Someone else I know runs a small one-man business providing an onsite service, but he tracks his leads on sticky notes and more often than not he loses them or completely forgets about them. Thing is, he carries his cell phone with him everywhere he goes. It took a couple of hours to get him to onto an app where he can better track his leads and actually follow-up on them. He went from 3-5 customers per day to well over 10 and he’s now looking at adding one more person to his operation.

Once we had the journey mapped out, we looked at where his leads were coming from. Most were from Facebook, the next highest were referrals and from his website contact form and some came through Twitter, and Instagram. Problem was he was neglecting almost all of these and spending a lot of time with email — nothing wrong in that, he just didn’t know clearly where leads were coming from.

Once he knew where the leads were coming from, not only could he concentrate on those accounts but he could target his advertising and efforts.

We ended up adding reviews to his site, he would interact with visitors to his Facebook page and he set-up a referral program to encourage current and past clients to refer him to others. He started to build his email list and surprisingly found out he had hundreds of clients — many he never reached out to after the initial contract.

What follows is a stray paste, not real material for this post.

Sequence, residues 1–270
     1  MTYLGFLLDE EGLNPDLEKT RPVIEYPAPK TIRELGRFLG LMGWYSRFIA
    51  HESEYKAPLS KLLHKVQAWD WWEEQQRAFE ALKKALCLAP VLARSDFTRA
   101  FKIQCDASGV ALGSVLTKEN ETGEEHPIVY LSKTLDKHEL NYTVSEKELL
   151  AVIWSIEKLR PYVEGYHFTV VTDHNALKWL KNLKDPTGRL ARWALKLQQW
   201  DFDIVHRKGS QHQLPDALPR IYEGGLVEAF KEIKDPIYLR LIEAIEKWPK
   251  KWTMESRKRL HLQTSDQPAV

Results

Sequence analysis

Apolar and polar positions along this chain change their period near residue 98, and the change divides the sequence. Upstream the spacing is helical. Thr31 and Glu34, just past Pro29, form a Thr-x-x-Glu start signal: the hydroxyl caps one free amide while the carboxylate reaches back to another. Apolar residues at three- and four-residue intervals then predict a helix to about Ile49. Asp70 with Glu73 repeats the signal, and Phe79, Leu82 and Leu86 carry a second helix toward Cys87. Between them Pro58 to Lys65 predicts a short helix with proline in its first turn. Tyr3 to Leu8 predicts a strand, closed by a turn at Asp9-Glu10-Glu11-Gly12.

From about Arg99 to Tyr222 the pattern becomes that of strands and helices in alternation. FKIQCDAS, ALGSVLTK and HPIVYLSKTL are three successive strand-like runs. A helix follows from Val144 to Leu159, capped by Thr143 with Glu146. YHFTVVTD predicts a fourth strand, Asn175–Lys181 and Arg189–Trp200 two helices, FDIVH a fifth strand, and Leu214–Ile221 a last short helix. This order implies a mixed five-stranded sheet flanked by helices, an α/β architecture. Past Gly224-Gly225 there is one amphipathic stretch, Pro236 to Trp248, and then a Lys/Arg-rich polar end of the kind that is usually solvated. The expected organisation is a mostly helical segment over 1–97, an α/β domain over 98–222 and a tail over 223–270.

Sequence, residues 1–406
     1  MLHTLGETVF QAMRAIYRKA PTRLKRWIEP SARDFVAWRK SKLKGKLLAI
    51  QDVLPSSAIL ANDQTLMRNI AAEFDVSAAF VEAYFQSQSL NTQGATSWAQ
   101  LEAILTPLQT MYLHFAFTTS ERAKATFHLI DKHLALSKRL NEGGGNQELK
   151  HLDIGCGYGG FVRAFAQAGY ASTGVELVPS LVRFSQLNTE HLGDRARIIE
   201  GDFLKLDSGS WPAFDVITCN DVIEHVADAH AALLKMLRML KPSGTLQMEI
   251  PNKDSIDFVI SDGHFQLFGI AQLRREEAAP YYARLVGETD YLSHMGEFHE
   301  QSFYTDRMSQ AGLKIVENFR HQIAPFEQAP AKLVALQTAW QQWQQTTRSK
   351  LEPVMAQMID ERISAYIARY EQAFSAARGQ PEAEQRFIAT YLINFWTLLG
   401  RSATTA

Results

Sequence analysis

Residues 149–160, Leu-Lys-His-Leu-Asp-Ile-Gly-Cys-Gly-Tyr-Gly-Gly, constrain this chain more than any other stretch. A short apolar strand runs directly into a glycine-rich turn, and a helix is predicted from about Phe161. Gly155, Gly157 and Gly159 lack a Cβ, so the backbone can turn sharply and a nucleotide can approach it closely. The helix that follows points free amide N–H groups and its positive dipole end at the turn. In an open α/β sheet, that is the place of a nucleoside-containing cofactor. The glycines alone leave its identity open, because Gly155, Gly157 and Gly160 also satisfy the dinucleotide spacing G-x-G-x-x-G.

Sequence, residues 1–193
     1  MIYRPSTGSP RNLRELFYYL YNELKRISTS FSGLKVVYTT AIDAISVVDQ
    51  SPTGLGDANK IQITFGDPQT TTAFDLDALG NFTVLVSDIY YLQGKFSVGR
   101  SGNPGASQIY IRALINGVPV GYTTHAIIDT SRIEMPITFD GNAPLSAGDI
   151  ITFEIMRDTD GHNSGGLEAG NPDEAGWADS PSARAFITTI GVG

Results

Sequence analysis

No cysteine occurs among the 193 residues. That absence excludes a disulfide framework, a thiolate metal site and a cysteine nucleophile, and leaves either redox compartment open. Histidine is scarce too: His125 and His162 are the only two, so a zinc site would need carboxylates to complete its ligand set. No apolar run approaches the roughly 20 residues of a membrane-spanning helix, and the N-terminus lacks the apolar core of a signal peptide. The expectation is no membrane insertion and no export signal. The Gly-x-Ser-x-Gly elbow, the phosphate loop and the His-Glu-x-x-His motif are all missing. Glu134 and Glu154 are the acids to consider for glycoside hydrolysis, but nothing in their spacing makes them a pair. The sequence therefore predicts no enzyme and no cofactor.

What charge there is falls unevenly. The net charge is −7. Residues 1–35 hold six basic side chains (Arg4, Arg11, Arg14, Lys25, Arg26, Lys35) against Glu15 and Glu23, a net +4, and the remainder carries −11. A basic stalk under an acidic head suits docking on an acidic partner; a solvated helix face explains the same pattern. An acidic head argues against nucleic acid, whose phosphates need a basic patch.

There is an excellent article in Forbes “Don’t Spend 5 Times More Attracting New Customers, Nurture The Existing Ones.“. Guess where he was spending a lot of time? Nurturing existing clients is such a win-win. In his mind, what was the point of the constant contact once you’ve completed the job?

Back to his social media. I helped him straighten that out, we built a process where he would check all his major social media accounts on a daily basis — usually first thing in the morning. He then hired a virtual assistant who would check leads throughout the day and send them to him using an app called Housecall Pro (subscription based). It’s not inexpensive, but it’s helping keep his calls lined up so he doesn’t miss any. Every call he makes is worth easily $500 in profit so really the cost of Housecall Pro is justified and in face makes him more money.

We built a process for the VA to follow. If one VA doesn’t work out, he can hire another and give them the well documented process and they get up-to-speed in hours instead of days/weeks.

This app was really key to getting him organized which honestly was 85% of why he was losing out on business.

We got communication straightened out with his manager, and with his employees — he didn’t need to keep them all, but since his leads were now coming to him instead of getting lost he felt that the extra cost could be supported through the business.

As we got processes built, communications streamlined he noticed productivity increase as his employees were not sitting around. Jobs were getting costed more accurately and importantly they were not stepping on each others toes. They started morning huddles to map out their day and week.

After 2-3 months he felt more in control over what was happening, and could see clearly about what his next steps need to be to grow the business.